"As Record Store Day has grown, there have been more and more artists that have really embraced it," he says. "There was a time early on where I'd have to explain to them what Record Store Day was all about. Now, it's a very easy sell for me to call an artist or a manager to say, 'What do you think about this exclusive release or piece for Record Store Day this year?' It's universally almost always a 'yes.'"
A more pressing challenge presented by Record Store Day lies in keeping the vinyl from flying off the warehouse shelves too fast, according to Pinkus. Rhino Records will put out 14 titles on Record Store Day, up from the five it released in 2012, and eight of those will be pressed on a rainbow of colored vinyl, including the Notorious B.I.G.'s Ready to Die on white.
"Retailers want collectible items," Pinkus says. "The key is making sure we're not creating too much demand, and that we're not creating an expensive collector's item, which we too often do. Ready to Die-that was limited to 3,000 copies. If I had to do that over again, I'd make that 5,000 copies based on demand... Here's all this limited-edition vinyl that you have to buy that day or it's gone. That's about as exciting as you can get. Holding that LP in your hand and knowing that you got one? That's like going to Willy Wonka's chocolate factory."
For independent labels, collaborations-much like the Garbage/Screaming Females single-and tried-and-true catalog favorites shine brightest under the Record Store Day spotlight. Jack White, dubbed 2013's Record Store Day Ambassador for his demonstrated success as both an artist and founder of independent label Third Man Records, is releasing the White Stripes' Elephant on vinyl in the United States for the first time in a decade. Seattle's Sub Pop is treating Record Store Day as a promotional vehicle for the deluxe, 10th-anniversary edition of the Postal Service's Give Up (out April 9), in that the duo will be performing at Coachella on the day itself while signed copies of the record are given away at a handful of stores. Sharon Van Etten and Shearwater performed a rendition of Stevie Nicks' "Stop Draggin' My Heart Around" on tour together last year, and that, along with "A Wake for the Minotaur," an original they wrote on the road, will be released as a split single from Sub Pop as well. Sub Pop head of sales Richard Laing says, "Record Store Day provides an outlet to release projects that wouldn't always make sense, but you can put together these special one-off projects that people get excited about."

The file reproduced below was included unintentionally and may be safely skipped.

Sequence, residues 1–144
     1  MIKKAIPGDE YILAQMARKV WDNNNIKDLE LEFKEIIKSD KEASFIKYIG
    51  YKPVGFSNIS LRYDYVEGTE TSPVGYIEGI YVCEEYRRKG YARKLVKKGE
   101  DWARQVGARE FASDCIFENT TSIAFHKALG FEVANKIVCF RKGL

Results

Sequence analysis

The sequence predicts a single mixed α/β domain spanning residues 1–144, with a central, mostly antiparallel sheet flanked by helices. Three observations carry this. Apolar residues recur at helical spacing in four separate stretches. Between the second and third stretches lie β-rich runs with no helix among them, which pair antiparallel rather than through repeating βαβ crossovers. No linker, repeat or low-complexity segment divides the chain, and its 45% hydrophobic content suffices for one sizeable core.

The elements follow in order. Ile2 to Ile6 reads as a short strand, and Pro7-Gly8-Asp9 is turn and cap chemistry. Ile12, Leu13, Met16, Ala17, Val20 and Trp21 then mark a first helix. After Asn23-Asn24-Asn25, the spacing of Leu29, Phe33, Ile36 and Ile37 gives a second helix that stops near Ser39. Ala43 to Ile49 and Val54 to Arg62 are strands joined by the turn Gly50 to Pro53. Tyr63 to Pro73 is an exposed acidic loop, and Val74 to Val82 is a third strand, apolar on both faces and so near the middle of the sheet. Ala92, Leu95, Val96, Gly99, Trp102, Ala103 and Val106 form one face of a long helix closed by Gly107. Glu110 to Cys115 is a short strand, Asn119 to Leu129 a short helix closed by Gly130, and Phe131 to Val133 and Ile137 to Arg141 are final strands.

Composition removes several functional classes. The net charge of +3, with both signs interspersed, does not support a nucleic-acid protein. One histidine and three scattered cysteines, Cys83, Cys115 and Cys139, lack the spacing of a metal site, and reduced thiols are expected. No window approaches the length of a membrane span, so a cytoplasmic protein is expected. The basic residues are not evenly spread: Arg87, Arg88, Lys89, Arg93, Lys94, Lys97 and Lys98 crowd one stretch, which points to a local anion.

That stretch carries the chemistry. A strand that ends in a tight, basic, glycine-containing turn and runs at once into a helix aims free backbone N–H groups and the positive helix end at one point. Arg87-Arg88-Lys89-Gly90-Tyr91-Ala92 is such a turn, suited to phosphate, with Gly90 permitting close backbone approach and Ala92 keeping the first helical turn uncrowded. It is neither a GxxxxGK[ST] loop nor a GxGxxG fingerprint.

Whether those stepping up to the line unfurling from the front door of a record store on April 20 are collectors searching for the latest David Bowie boxed set or the Icky Blossoms/Black Lips single put out by Saddle Creek, Record Store Day is a movement built on maximizing opportunities across the music industry. The majority of the releases dropping either exclusively for or in partnership with Record Store Day-which amount to more than 350, up from the 250 released last year-reflect this as a myriad of audiophile trophies. It gives labels a second go at exploring options for best-selling and nostalgic titles in new formats. It provides artists-like Garbage and Screaming Females-with a platform for expanding upon a sound they can't ignore while releasing new material that doesn't otherwise fit in with their current commitments. It supports the record stores with a swath of in-store performances and exponential spikes in foot traffic-and it gets that Aerosmith reissue, or that Van Etten/Shearwater Nicks cover, or that pressing of the Notorious B.I.G.'s Ready to Die on white vinyl in the hands of someone who can't wait to throw it on a turntable.